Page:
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# Affine Transformations

Let , where and are affine spaces.

Then T is said to be an affine transformation if:

• T maps vectors to vectors and points to points
• T is a linear transformation on the vectors
• By Extension:

T preserves affine combinations on the points: where Observations:
• Affine transformations map lines to lines: • Affine transformations preserve ratios of distance along a line
(converse is also true: preserves ratios of such distances affine).
Examples:
rigid body motions (translations, rotations), scales, shears, reflections.

Affine vs Linear

• Which is a larger class of transformations: Affine or Linear?
• T is linear if T(aA+bB)=aT(A)+bT(B) for all a,b.
• T is affine if T(aA+bB)=aT(A)+bT(B) if a+b=1.
• If T is linear, then T(aA+bB)=aT(A)+bT(B) when a+b=1 so T is clearly affine.
• But if T is affine and then T(aA+bB) might not equal aT(A)+bT(B).

Thus, it is possible for T to be affine but not linear.

• Therefore, affine transformations are a superclass of linear transformations (surprise!)
• An alternate way to think of this is that the behaviour of linear transformations is restricted for a wider range of values.

Consider T(aA+bB)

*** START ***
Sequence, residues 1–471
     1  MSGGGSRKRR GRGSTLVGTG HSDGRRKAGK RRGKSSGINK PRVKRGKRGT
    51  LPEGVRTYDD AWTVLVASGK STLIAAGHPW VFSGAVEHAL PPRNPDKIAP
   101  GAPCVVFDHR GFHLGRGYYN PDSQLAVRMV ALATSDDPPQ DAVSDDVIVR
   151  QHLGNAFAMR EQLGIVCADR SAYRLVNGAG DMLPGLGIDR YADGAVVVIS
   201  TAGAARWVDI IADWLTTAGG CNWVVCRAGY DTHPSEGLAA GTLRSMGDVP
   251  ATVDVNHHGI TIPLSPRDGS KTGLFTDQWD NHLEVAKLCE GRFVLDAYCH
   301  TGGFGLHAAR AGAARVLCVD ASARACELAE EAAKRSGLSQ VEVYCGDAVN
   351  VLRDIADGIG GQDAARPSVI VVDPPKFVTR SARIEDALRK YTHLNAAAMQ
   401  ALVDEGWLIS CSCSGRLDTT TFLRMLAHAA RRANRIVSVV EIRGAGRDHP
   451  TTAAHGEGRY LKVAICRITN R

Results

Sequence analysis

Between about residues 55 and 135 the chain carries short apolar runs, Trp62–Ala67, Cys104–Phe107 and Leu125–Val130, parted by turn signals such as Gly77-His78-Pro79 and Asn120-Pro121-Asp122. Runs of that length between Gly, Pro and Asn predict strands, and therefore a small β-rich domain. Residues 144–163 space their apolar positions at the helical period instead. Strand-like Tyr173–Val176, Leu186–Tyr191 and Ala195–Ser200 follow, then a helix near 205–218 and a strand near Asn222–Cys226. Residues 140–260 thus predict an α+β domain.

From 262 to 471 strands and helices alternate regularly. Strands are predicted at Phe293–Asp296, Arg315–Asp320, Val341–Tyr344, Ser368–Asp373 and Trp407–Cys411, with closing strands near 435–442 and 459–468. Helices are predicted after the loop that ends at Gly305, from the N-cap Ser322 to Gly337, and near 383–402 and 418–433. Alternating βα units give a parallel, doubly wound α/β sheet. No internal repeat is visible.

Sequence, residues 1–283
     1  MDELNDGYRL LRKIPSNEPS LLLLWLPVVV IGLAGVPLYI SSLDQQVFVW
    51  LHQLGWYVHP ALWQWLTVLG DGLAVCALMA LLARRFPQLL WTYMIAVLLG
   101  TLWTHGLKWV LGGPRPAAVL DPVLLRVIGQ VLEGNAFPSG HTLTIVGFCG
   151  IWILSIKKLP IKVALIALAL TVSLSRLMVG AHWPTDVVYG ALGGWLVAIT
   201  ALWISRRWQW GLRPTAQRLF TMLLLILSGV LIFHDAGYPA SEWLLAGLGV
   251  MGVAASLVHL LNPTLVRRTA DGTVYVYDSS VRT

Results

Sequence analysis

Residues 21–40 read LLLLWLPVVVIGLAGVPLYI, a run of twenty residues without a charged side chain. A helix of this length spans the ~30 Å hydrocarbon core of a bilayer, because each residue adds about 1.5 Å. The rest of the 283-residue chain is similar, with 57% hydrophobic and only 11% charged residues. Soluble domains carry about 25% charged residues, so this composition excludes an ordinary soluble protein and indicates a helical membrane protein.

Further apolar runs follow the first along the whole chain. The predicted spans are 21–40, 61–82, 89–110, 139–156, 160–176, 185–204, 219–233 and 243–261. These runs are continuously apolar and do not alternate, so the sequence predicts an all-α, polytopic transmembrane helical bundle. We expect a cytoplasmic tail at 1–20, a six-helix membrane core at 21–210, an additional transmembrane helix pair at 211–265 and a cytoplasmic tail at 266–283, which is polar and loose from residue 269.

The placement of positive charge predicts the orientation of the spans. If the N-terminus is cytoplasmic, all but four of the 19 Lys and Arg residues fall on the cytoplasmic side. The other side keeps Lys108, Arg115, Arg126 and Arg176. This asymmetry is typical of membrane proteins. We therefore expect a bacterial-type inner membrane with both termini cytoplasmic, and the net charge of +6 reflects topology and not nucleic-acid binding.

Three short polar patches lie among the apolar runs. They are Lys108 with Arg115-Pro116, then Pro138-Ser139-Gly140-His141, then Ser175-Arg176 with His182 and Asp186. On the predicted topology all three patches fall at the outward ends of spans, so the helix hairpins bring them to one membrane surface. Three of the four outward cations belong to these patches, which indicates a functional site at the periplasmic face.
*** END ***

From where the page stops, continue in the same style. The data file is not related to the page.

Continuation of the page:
• Linear transformations have their behaviour specified for all values of a,b.
• Affine transformations have their behaviour specified only when a+b=1. They can behave differently for all other values of a+b.
• Most of the transformations we consider will be linear.
• Translation is the only non-linear (but affine) transformation we'll see, and we'll ``bypass'' its non-linear behavior.

Theorem:
Affine transformations map parallel lines to parallel lines.

Proof: Let and .

Suppose , which implies by linearity.

Then and and we see that the images of both lines are parallel.

Suppose we only have T defined on points.
Define as follows:
• There exists points Q and R such that .
• Define to be T(Q)-T(R).

Note that Q and R are not unique.

The definition works for : This can now be used to show that the definition is well defined.
If Q-R=B-C then How do we map points/vectors through an affine transformation?
Let and be affine spaces.
• Let be an affine transformation.
• Let be a frame for .
• Let be a frame for .
• Let P be a point in whose coordinates relative are .
( )

Question:
What are the coordinates of T(P) relative to ?

Fact:
An affine transformation is completely characterized by the image of a frame in the domain: If then we can find by substitution and gathering like terms. \ Readings: White book, Appendix A   Next: Matrix Representation of Up: Affine Geometry and Previous: Affine Combinations

CS488/688: Introduction to Interactive Computer Graphics
University of Waterloo
Computer Graphics Lab

cs488@cgl.uwaterloo.ca